Date of Award


Degree Name

MS in Civil and Environmental Engineering


Civil and Environmental Engineering


College of Agriculture, Food, and Environmental Sciences


Tryg Lundquist

Advisor Department

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Advisor College

College of Agriculture, Food, and Environmental Sciences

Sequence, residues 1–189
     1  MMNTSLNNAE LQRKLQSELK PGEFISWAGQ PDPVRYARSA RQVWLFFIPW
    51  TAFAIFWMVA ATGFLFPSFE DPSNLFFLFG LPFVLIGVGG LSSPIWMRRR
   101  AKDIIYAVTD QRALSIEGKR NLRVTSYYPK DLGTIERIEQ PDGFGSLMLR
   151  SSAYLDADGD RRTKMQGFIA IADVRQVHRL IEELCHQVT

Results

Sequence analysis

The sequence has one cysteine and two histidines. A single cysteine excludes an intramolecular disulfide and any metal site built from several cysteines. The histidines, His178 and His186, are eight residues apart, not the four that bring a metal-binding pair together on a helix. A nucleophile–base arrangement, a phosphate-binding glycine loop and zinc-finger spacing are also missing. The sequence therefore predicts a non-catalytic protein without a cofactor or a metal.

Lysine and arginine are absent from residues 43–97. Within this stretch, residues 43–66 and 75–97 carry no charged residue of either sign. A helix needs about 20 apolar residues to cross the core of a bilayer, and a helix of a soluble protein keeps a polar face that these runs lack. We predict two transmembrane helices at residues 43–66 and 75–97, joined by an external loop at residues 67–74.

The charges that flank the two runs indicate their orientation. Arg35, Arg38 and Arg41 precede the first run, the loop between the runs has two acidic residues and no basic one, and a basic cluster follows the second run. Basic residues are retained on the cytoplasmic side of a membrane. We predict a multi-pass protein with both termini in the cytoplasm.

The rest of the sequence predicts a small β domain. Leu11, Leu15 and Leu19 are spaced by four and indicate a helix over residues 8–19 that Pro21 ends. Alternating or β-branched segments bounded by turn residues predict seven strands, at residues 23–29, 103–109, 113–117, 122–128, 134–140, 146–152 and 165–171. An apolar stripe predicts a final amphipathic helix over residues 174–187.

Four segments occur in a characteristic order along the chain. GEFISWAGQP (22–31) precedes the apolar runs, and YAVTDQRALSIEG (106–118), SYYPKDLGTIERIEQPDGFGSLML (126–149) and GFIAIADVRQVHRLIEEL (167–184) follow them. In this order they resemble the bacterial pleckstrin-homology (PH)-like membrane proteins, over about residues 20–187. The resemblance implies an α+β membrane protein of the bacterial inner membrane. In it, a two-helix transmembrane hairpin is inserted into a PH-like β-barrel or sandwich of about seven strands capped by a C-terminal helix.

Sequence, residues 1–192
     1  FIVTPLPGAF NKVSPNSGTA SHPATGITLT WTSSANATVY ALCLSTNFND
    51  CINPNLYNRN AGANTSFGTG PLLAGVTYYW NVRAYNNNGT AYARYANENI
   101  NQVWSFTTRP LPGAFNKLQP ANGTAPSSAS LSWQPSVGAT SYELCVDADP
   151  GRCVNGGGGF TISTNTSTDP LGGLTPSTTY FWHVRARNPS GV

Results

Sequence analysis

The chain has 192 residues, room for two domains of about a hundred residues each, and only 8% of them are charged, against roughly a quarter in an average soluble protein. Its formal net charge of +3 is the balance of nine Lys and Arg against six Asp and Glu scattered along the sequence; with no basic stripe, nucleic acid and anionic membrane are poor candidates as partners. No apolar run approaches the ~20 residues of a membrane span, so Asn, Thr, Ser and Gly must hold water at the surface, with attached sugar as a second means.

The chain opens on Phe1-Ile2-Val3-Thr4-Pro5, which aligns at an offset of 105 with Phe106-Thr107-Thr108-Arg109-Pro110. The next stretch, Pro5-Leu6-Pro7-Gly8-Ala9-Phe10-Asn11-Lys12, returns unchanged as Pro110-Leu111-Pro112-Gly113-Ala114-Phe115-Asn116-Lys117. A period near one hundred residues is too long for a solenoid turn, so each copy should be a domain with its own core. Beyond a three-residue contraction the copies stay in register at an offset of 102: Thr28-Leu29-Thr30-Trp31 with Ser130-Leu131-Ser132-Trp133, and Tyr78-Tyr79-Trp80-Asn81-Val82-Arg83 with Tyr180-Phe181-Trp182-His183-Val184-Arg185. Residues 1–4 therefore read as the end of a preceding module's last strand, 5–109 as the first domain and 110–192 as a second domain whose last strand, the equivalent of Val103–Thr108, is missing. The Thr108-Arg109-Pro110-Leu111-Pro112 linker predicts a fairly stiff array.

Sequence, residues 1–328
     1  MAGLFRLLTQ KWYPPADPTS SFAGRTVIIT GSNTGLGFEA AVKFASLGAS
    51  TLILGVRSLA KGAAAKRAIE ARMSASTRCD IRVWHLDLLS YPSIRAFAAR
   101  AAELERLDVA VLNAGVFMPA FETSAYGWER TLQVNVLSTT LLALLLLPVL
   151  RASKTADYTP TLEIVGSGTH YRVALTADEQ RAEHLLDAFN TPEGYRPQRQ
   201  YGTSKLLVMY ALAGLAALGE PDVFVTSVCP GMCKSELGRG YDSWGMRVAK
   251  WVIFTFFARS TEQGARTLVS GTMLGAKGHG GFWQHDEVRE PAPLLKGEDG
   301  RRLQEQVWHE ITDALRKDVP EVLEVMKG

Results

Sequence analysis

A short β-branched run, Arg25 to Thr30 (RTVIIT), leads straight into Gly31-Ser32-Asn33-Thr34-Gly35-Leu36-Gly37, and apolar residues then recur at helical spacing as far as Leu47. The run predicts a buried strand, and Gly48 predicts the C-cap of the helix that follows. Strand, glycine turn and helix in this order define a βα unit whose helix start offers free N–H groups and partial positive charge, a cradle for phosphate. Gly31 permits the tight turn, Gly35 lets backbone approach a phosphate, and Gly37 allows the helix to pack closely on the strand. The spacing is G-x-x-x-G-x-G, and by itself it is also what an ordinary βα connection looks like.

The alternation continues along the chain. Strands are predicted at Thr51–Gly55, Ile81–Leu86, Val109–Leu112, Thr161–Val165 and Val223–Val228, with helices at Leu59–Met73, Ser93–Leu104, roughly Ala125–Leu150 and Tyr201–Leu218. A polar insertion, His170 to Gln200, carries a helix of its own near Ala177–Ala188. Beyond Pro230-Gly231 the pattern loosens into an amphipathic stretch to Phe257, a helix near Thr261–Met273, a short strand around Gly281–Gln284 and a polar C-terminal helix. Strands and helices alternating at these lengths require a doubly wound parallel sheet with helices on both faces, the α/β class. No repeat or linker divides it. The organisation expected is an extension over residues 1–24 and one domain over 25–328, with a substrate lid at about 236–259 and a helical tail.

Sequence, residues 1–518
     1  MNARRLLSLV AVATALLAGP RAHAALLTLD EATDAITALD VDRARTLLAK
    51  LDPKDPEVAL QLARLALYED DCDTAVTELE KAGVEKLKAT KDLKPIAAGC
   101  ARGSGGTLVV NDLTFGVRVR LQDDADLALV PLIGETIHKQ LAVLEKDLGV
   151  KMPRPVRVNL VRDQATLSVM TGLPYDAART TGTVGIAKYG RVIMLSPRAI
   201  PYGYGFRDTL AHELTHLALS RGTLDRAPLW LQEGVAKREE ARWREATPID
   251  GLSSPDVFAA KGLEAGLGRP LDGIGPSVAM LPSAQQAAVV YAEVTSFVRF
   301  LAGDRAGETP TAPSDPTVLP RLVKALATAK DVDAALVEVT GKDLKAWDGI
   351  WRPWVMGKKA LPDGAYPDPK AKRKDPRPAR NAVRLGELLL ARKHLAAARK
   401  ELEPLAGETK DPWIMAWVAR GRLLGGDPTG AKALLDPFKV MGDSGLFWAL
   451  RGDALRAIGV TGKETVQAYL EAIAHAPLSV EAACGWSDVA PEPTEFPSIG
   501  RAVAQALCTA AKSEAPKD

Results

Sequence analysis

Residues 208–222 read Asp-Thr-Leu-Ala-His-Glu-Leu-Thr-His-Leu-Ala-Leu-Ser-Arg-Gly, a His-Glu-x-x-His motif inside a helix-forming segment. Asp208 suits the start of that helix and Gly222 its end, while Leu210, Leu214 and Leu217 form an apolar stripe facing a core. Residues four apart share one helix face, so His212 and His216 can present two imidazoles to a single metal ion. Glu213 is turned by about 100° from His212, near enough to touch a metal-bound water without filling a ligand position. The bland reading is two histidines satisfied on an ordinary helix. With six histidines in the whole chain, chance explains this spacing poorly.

Whole-cell algae biomass grown on nutrient-rich wastewater can be anaerobically digested to produce renewable heat and power, and to solubilize nutrients to grow additional algae biomass in a biorefinery system. In this study, algae biomass was grown on clarified primary wastewater in 33-m2 ponds at a 4-day residence time with sedimentation harvesting of the biomass. Lab digesters were used to test biogas yields and nutrient solubilization from the anaerobic digestion of algal biomass with and without mixing and with sonication as a pretreatment. Additionally, algae were fed to unheated and unmixed 1135-L pilot digesters to determine the effects of seasonal temperatures and organic loading rates on biogas yields and nutrient solubilization. Finally a scalability experiment was conducted to determine how well lab digesters replicated the nutrient solubilization and biogas yields of pilot digesters when they were operated at the same average daily temperature, and organic load. Overall, the tested conditions included mixing, temperature, feed pretreatment by sonication, scale, and organic loading. It was determined that unmixed, 20˚C digesters fed an average variable organic loading of 0.12 g VS/L-day had the highest yield of 0.3 L CH4/g VS fed. Compared to similarly operated digesters (30˚C, constant organic load 0.25 g VS/L-day) sonicated feed increased the mass yield of methane by 18% (0.28 L CH4/g VSintroduced), and mixing increased the mass yield of methane by 4% (0.25 L CH4/g VS). For the same digesters, sonicated feed increased the average nitrogen and phosphorus solubilization 10% and 11% with 36% N and 28% particulate P remaining, respectively. Eliminating mixing increased the average nitrogen and phosphorus solubilization by 13% and 27%, with 40% and 31% remaining as particulates, respectively. The pilot digesters produced an overall average mass yield of 0.19 L CH4/g VS, with a summer average of 0.46 L CH4/g VS and a winter average of 0.15 L CH4/g VS. For the pilot digesters, the average amount of remaining particulate nitrogen and phosphorus was 36% and 39%, respectively, with an average of 57% volatile solids destruction. Finally for the scale experiment, the pilot digesters exhibited mass and volumetric yields of 47% and 28% (0.19 L CH4/g VS; 0.011 L CH4/L-d) greater than the lab digesters. Additionally, the pilot digesters had 2% greater nitrogen solubilization and 29% less phosphorus solubilization with 23% N and 15% P, than the lab digesters. Based on these results, for a low organic load (0.01 – 0.65 g VS/L-day), it is recommended that digesters be unmixed and heated which, and have a longer winter residence time. In addition to benefiting methane yield and nutrient solubilization, these digester operating conditions would allow increased supply of nutrients to ponds during the most productive months when nutrients are being consumed at faster rates in the algae ponds.